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I'm working in a team of about 15 people and we're currently in the process of switching from svn to git and establishing a new workflow with git.
I decided to use gitflow as our new workflow because it can solve some issues we had with our not-really-existent workflow using svn where everyone just put his/her code into the repository, sometimes without really thinking too much about it. That often lead to broken code and mad devs because they couldn't continue their work temporarily.
With gitflow I wanted to try to force the people to change their behaviour step-by-step but apart from the issues with swapping the svn mindset by the git mindset (some devs didn't work with git in the past or even at all), we can't really agree on how to use this workflow efficiently.

There are many commits that just contain some reformatting of code or some tiny fixes (like typos) and these commits just get committed into our develop branch right away without creating an extra feature branch for it.
Then we have some time-related issues. Who is responsible for approving merge requests?
We can't afford to put the load on one person as the "master" for merge requests and it doesn't make sense in my opinion.
So instead we initially agreed to just peer review the code and then the creator of the merge request does the actual merge but this approach has the flaw that not everyone reviews every request and so it takes quite long until x-many people reviewed the code. Where to put the threshold?

I guess in short we have some issues in defining the rules when someone has to create a feature branch and how the peer review process should be organized in order to not slow down too much.

Unfortunately I cannot find any resources on how other teams solved this.
I'm even not quite sure if I'm missing some very important points here in working with this workflow.
I also have to add that we don't have automated tests (yet) as the former development team didn't do this for years. So this is definitely another thing that might be a major obstacle for us.

Finally I decided to get here and ask for your help.
Do you have any advice that I could use to solve (some of) these issues we have?

  • articles / resources recommendations are off-topic per help center – gnat Jul 31 '17 at 16:09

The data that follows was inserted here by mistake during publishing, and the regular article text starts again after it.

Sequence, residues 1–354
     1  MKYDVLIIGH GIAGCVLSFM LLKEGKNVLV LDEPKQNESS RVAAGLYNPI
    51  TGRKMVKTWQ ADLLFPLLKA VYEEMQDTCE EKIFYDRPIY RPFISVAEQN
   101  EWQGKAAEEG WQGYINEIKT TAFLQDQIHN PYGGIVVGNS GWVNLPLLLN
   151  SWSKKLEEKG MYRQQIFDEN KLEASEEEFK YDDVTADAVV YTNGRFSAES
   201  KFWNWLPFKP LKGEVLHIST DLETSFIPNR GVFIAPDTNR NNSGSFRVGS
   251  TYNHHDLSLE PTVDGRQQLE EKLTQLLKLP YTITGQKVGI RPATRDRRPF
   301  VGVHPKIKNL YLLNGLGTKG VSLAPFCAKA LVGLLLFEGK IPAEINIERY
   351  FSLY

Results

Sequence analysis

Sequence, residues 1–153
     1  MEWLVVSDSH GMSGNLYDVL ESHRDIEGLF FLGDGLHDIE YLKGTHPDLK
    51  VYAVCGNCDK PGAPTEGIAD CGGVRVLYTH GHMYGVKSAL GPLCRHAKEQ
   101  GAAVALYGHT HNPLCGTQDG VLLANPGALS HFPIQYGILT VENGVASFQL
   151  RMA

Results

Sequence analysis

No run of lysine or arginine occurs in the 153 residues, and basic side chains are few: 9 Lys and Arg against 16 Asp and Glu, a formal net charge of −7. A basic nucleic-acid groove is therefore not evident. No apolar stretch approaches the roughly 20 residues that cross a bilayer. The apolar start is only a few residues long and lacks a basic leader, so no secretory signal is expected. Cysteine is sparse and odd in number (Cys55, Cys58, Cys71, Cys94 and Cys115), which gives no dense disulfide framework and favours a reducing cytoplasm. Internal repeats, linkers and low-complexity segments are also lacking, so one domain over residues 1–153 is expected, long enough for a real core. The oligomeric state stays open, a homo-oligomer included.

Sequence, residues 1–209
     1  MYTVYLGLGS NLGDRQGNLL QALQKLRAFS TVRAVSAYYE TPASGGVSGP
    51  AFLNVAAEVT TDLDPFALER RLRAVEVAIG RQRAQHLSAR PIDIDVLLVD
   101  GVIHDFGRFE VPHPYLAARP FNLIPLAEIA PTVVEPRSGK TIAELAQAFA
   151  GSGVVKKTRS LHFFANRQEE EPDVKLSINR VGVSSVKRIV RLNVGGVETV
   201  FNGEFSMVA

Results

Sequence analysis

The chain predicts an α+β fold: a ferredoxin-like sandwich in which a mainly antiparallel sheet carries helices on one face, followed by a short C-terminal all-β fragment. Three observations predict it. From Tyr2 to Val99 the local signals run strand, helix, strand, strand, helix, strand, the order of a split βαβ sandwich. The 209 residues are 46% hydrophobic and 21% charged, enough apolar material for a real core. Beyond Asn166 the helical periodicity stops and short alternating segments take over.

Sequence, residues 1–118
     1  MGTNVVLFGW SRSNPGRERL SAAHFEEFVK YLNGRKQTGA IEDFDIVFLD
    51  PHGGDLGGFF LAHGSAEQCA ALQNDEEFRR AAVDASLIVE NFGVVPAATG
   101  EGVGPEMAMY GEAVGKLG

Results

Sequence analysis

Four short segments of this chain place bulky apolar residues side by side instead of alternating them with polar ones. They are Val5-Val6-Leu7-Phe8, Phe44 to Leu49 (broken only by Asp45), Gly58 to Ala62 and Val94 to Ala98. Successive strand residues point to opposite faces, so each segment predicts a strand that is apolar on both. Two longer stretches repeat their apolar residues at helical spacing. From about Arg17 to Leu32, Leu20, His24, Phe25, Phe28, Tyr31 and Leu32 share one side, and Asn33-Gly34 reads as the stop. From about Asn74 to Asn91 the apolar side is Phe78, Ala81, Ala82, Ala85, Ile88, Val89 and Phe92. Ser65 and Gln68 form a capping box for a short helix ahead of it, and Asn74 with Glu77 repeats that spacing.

• i would rather count it as a mix of software development methods and practices and quality assurance and testing – TorbenJ Jul 31 '17 at 16:18
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    What about forcing developers to create pull requests for everything, and allow your tooling to automatic approve pull requests upon successfull build. I'm not familiar with gitflow (git/tfs user here) but that would take the least amount of resources while still guaranteeing a minimal quality (the code compiles) – Batavia Jul 31 '17 at 16:23
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We set our threshold at having two peer reviews on a pull request before merging. That means for every one you submit, on average you are reviewing two. That is not too much of a burden.

On small, typo/reformatting fixes, we generally only ask for one peer review. Yes, we occasionally catch things on these reviews, because people think they are so simple they don't need to be as careful. On large, sweeping architectural changes, we will ask for more people to review, but for day to day work, two is sufficient.

It doesn't have to slow you down. You can continue your work while you wait for peer reviews. I quite frequently pull branches back and forth between a colleague before we submit it for final review.

Mostly, people just need to get used to the benefits. Once your reviews, and hopefully later a CI server, start catching errors, people will be more willing to do them.

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Don't worry about the small commits and permissions. What you want to work towards now is people working on tickets rather than random things.

Get a ticket system running and ask people to check all work in in a feature branch with a name including the ticket number and ticket title. Tell them its so you can link the systems up (which you can)